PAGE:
It'll be interesting to see side-by-side performance comparisons of systems and applications when this technology gets put into real boxes.
As always, comments about HPCwire are welcomed and encouraged. Write to me, Michael Feldman, at email@example.com.
Posted by Michael Feldman - March 08, 2007 @ 9:00 PM, Pacific Standard Time
Michael Feldman is the editor of HPCwire.
No Recent Blog Comments
Large-scale, worldwide scientific initiatives rely on some cloud-based system to both coordinate efforts and manage computational efforts at peak times that cannot be contained within the combined in-house HPC resources. Last week at Google I/O, Brookhaven National Lab’s Sergey Panitkin discussed the role of the Google Compute Engine in providing computational support to ATLAS, a detector of high-energy particles at the Large Hadron Collider (LHC).
The Xeon Phi coprocessor might be the new kid on the high performance block, but out of all first-rate kickers of the Intel tires, the Texas Advanced Computing Center (TACC) got the first real jab with its new top ten Stampede system.We talk with the center's Karl Schultz about the challenges of programming for Phi--but more specifically, the optimization...
Although Horst Simon was named Deputy Director of Lawrence Berkeley National Laboratory, he maintains his strong ties to the scientific computing community as an editor of the TOP500 list and as an invited speaker at conferences.
May 16, 2013 |
When it comes to cloud, long distances mean unacceptably high latencies. Researchers from the University of Bonn in Germany examined those latency issues of doing CFD modeling in the cloud by utilizing a common CFD and its utilization in HPC instance types including both CPU and GPU cores of Amazon EC2.
May 15, 2013 |
Supercomputers at the Department of Energy’s National Energy Research Scientific Computing Center (NERSC) have worked on important computational problems such as collapse of the atomic state, the optimization of chemical catalysts, and now modeling popping bubbles.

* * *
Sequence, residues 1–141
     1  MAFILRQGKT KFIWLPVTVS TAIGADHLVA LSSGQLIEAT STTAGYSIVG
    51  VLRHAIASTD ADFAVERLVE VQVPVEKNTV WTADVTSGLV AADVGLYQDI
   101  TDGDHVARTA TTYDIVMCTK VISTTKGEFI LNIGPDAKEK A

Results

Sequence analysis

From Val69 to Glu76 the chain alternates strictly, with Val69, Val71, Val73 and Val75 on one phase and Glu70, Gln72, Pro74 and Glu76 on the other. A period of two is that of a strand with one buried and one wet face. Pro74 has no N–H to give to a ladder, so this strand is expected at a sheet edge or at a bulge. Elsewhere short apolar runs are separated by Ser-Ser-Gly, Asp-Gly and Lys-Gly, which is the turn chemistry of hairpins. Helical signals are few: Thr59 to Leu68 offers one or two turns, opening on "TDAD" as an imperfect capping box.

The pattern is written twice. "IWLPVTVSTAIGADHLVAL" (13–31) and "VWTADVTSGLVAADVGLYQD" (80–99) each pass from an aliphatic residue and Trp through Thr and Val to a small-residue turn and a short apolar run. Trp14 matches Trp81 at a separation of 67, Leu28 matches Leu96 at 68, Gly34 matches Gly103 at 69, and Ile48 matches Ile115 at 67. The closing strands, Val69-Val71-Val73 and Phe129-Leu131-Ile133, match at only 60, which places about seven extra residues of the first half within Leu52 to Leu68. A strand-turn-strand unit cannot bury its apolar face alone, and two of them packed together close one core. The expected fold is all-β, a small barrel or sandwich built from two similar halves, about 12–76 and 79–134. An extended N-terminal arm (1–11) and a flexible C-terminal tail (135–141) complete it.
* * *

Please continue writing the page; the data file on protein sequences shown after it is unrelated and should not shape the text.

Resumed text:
May 10, 2013 |
Program provides cash awards up to $10,000 for the best open-source end-user applications deployed on 100G network.
May 09, 2013 |
The Japanese government has revealed its plans to best its previous K Computer efforts with what they hope will be the first exascale system...
05/10/2013 | Cleversafe, Cray, DDN, NetApp, & Panasas | From Wall Street to Hollywood, drug discovery to homeland security, companies and organizations of all sizes and stripes are coming face to face with the challenges – and opportunities – afforded by Big Data. Before anyone can utilize these extraordinary data repositories, however, they must first harness and manage their data stores, and do so utilizing technologies that underscore affordability, security, and scalability.
04/15/2013 | Bull | “50% of HPC users say their largest jobs scale to 120 cores or less.” How about yours? Are your codes ready to take advantage of today’s and tomorrow’s ultra-parallel HPC systems? Download this White Paper by Analysts Intersect360 Research to see what Bull and Intel’s Center for Excellence in Parallel Programming can do for your codes.
In this demonstration of SGI DMF ZeroWatt disk solution, Dr. Eng Lim Goh, SGI CTO, discusses a function of SGI DMF software to reduce costs and power consumption in an exascale (Big Data) storage datacenter.
The Cray CS300-AC cluster supercomputer offers energy efficient, air-cooled design based on modular, industry-standard platforms featuring the latest processor and network technologies and a wide range of datacenter cooling requirements.